Kawanishi H8K 'Emily'

Introduction and Development
Service Record
Stats (H8K2)

Introduction and Development

The Kawanishi H8K 'Emily' was the fastest and most heavily armed flying boat to enter service in significant numbers during the Second World War, and was considered by Allied pilots to be the hardest Japanese aircraft to shoot down.

Plans of Kawanishi H8K 'Emily'
Plans of
Kawanishi H8K 'Emily'

Work on the H8K began in 1938, in response to a 13-Shi specification for a large flying boat to replace the Kawanishi H6K, which had just entered service. The new aircraft was to have a top speed of 276mph, a cruising speed of 207mph and a normal range of 5,180 miles. Kawanishi responded with a high-wing monoplane with a large hull, a single vertical tail, and a superficial resemblance to the Short Sunderland, although the H8K was larger and would prove to have much better performance. The aircraft had eight small unprotected fuel tanks in the wings and six larger partially self-sealing tanks in the lower hull. These tanks were placed over fuel-proof bilges, and any split fuel could be pumped into other tanks. The aircraft could carry 3,249 gallons of fuel, giving it a range of over 4,400 miles, down on the specification but still very impressive. Unusually for Japanese aircraft of the period, the H8K was heavily armoured and would prove to be a sturdy aircraft.

The prototype was completed on 31 December 1940. Its maiden flight came in the following month and was somewhat disappointing. The aircraft was good in the air, but was unstable during high-speed taxing and during take-off. These problems were solved by increasing the depth of the hull by 1ft 7 11/16in and modifying the shape of the hull bottom. Towards the end of 1941 the modified aircraft was approved for production as the H8K1 Navy Type 2 Flying Boat Model 11.

Service Record

Kawanishi H8K from the side
Kawanishi H8K from the side

Although the H8K was designed as a long range maritime patrol aircraft, its first combat mission was actually a bombing raid on Hawaii. This was a long range attack launched by two aircraft based in the Marshall Islands on 4-5 March 1942. They refuelled from a submarine at a site in the French Frigate Shoals, then made a disappointing raid on Oahu, where heavy cloud prevented them from bombing accurately. A second raid at the time of the battle of Midway had to be cancelled because the American fleet was using French Frigate Shoals.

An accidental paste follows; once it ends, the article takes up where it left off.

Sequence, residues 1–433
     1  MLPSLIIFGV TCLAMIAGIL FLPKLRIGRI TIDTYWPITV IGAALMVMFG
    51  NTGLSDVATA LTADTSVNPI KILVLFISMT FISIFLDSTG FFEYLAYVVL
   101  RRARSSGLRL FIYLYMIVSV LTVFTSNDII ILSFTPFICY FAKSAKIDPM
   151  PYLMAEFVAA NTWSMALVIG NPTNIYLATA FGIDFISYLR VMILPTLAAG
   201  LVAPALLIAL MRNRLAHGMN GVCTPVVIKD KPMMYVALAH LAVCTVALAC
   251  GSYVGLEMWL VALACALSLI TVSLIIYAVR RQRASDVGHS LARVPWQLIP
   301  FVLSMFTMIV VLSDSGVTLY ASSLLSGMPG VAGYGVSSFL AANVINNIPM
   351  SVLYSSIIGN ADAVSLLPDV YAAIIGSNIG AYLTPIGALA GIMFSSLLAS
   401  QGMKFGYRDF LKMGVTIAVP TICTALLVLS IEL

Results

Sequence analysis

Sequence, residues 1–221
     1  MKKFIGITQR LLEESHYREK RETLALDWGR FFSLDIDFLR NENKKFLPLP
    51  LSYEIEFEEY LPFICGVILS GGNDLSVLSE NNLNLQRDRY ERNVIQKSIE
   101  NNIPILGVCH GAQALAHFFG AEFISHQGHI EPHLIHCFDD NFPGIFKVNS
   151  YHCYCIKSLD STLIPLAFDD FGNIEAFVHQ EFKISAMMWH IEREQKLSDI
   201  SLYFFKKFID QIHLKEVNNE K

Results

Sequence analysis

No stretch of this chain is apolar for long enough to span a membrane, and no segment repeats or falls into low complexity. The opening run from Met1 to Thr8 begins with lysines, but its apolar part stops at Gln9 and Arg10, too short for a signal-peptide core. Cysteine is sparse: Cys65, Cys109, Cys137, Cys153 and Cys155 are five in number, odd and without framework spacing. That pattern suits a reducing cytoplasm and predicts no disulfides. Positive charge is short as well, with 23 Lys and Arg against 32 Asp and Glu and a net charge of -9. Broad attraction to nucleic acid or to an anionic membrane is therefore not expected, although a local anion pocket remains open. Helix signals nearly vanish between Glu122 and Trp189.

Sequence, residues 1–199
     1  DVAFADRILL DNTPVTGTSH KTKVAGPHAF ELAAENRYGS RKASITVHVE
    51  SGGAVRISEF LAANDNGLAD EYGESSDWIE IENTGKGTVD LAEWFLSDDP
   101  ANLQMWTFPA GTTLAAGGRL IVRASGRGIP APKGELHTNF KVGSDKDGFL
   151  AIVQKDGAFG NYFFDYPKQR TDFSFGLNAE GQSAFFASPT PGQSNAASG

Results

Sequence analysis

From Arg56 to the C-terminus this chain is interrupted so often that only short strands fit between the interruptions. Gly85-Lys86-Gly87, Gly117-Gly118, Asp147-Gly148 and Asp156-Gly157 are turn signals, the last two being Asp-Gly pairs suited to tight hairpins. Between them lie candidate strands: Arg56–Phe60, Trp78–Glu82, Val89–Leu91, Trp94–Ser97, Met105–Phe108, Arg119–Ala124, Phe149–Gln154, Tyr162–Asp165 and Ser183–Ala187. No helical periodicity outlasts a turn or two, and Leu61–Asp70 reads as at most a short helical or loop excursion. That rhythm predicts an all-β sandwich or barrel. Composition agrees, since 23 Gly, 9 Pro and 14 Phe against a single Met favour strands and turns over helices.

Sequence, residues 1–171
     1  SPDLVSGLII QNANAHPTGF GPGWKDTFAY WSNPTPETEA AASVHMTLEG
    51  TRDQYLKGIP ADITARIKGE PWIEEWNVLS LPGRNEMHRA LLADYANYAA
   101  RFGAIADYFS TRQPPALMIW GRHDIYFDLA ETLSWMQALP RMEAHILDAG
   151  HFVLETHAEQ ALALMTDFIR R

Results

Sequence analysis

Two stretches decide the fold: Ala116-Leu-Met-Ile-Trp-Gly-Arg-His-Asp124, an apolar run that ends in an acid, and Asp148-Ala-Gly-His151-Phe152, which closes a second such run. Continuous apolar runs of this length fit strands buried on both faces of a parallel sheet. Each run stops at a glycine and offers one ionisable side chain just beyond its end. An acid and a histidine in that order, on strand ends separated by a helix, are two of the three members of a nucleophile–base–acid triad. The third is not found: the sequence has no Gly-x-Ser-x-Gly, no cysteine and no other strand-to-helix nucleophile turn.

For the rest of the war the H8K served as a long range reconnaissance aircraft, a role in which it excelled. Its high speed allowed it to escape from many Allied fighters and its armour and self-sealing fuel tanks meant it could survive an attack.

The H8K2 was the best flying boat to serve with any side during the Second World War. It was over 100mph faster than the Consolidated Catalina, although carried about the same payload. It was slightly larger than the Short Sunderland, which it resembled physically, but had over 2,400hp more power, was 70mph faster and much heavier armed. Again the payload was about the same although the Sunderland could carry more bombs. However both of this Allied aircraft were built in rather larger numbers than the H8K. Around 750 Sunderlands were built, while over 3,200 Catalinas were completed. In contrast only 167 H8Ks were built.


H8K1 Navy Type 2 Flying Boat Model 11

The first production version of the H8K differed slightly from the prototype. It was powered by 1,530 Mitsubishi Kasei 11 or 12 radial engines, as on the prototype, but had a modified vertical tail and reduced defensive firepower, with some of the 20mm cannon replaced with machine guns. Even so it was still left with one 20mm cannon in each of the dorsal and tail turrets, and flexibly mounted 7.7mm machine guns. It could carry two 1,764lb torpedoes, eight 551lb bombs or sixteen 132lb bombs or depth charges, all held under the wings. Only sixteen were built before production switched to the H8K2.